3. How much money would you need to stop working and call yourself financially independent? How did you arrive at that amount?
Oh dang, this is a hard question!  To be honest, I’m not totally sure.  We tend to think more in terms of our passive income, and we would want, at a minimum, our basic expenses to be covered by passive income streams (right now we are working on rental properties and investment income among others).  But my hubby is extremely cautious by nature AND he really likes his work (not so much his current employer… but his work, yes).  So in truth I think that he will probably keep working long after we’ve technically achieved financial independence.  As for myself- I see being a stay-at-home mom in my future.
4. What will you do after you are financially independent and free from the constraints of a job?
Enjoy life!  And like I said, hubby will likely keep working at least part time.  We love travel, being outdoors, reading, writing (me), and I think that we’d love to have the luxury to spend ample time with our future children as they are growing up.
5. Any other relevant thoughts or advice on the topic?
Financial independence is a possibility!  I would encourage everyone out there to dream big.  If you want it, go after it.  But know that it will likely take years of dedication, planning, and hard work to achieve this goal.  In the end, we think it will be worth it.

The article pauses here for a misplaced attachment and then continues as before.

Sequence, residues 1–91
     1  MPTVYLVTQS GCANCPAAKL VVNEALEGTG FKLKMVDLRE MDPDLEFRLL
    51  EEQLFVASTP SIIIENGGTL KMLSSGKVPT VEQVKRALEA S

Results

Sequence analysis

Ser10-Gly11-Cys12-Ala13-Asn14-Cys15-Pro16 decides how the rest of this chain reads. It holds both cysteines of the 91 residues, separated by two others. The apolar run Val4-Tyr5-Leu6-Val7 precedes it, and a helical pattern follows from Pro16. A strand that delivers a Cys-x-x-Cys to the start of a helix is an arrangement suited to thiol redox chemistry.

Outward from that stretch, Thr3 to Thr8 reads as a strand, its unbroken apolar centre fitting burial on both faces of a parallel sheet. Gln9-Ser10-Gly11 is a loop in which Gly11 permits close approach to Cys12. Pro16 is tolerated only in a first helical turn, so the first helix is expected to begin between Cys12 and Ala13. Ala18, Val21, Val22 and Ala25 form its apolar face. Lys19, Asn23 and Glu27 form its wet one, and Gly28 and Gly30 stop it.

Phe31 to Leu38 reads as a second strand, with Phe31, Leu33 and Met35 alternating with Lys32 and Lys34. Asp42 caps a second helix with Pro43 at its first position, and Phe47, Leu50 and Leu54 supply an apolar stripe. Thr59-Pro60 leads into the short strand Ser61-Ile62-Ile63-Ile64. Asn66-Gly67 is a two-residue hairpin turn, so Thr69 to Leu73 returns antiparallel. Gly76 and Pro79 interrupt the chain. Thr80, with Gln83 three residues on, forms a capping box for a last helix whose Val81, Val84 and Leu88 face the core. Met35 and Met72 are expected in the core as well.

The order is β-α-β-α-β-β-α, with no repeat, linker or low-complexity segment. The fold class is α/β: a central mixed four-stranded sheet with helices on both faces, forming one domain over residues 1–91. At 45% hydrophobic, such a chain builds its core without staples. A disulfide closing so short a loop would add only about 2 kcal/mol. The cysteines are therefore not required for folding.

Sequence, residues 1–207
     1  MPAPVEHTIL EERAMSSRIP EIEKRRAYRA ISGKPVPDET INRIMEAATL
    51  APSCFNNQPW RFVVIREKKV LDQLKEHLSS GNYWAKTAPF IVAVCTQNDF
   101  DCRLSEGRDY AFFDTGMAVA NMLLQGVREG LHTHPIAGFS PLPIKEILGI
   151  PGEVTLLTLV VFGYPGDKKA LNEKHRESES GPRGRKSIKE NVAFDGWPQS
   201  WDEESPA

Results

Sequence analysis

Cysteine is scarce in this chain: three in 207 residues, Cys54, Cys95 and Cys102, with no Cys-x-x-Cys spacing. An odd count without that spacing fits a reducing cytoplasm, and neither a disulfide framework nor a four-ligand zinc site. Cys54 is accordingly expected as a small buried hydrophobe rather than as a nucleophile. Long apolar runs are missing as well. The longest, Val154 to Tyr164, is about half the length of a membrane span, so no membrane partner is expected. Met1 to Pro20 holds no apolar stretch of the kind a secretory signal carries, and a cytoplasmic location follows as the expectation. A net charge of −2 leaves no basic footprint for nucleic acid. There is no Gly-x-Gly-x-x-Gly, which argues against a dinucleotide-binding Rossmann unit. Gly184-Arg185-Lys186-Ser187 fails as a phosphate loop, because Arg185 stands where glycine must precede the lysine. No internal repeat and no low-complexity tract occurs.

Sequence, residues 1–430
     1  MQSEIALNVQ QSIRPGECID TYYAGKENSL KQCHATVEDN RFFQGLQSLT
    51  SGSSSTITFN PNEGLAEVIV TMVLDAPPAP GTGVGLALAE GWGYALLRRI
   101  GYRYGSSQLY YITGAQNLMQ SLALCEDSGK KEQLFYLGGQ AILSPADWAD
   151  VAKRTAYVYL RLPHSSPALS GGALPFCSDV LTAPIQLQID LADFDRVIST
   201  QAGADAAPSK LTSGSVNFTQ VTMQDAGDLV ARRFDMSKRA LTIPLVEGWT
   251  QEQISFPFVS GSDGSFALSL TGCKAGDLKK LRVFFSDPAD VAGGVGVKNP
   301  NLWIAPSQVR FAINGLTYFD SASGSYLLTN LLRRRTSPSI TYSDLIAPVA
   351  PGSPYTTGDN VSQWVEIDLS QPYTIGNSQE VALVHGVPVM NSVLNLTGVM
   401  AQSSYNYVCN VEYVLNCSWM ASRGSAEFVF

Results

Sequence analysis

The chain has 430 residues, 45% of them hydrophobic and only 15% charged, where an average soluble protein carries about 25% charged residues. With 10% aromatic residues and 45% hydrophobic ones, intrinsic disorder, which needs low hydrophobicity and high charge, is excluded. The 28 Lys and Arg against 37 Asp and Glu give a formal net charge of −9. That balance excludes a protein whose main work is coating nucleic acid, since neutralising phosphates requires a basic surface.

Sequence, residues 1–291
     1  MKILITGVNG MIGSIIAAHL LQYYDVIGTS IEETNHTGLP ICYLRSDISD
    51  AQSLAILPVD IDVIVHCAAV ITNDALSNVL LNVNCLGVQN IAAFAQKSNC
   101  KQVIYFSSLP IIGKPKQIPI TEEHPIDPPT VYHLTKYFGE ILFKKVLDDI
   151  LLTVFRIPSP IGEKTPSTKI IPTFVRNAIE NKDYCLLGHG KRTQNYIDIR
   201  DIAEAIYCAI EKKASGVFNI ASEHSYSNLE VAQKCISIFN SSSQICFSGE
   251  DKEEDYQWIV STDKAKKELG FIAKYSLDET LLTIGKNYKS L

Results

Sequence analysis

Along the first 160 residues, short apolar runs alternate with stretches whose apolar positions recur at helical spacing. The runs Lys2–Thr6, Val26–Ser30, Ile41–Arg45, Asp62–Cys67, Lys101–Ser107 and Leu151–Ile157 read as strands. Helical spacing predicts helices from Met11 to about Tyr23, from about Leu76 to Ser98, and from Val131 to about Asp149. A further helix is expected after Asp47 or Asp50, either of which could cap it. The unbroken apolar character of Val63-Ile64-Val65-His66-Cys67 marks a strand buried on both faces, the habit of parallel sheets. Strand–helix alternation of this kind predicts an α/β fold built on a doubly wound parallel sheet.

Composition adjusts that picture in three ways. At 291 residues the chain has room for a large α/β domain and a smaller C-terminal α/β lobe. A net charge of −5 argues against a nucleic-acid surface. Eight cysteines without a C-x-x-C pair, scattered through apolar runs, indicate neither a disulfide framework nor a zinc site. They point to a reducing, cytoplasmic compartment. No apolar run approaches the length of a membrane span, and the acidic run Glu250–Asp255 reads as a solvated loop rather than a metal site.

New Gravatar 4 Hayley from A Disease Called Debt
 1. What does financial independence mean to you and how are you pursuing it? 
Financial independence to me means not having any debts including mortgage debt and being    able to pay my household bills easily through a reliable source of income.  At the moment, I’m    working on clearing my debts and then I’ll be focusing on saving money and creating different    income streams.
 2. Would you rather quickly reach financial independence working a job that you  hate or pursue a career that you love and work for many more years?
I have been in that place before where I was trapped in a job I hated, yet paid quite well. I wouldn’t recommend it! I think that if you can do something you are passionate about for a living, then there’s nothing wrong with working many more years. I’m not planning on being the kind of person that just gives up anyway even when I have reached financial independence.
3. How much money would you need to stop working and call yourself financially independent? How did you arrive at that amount?
I haven’t really thought about this all that much before now, but I would think that I could stop working at this moment in time with a sum of £1million (around $1.6million) in the bank. I reached that figure because this amount would need to last me until the end of my life, I’m currently 33 years old. This lump sum would need to be invested safely in order to grow the amount and so that I could take an income from it.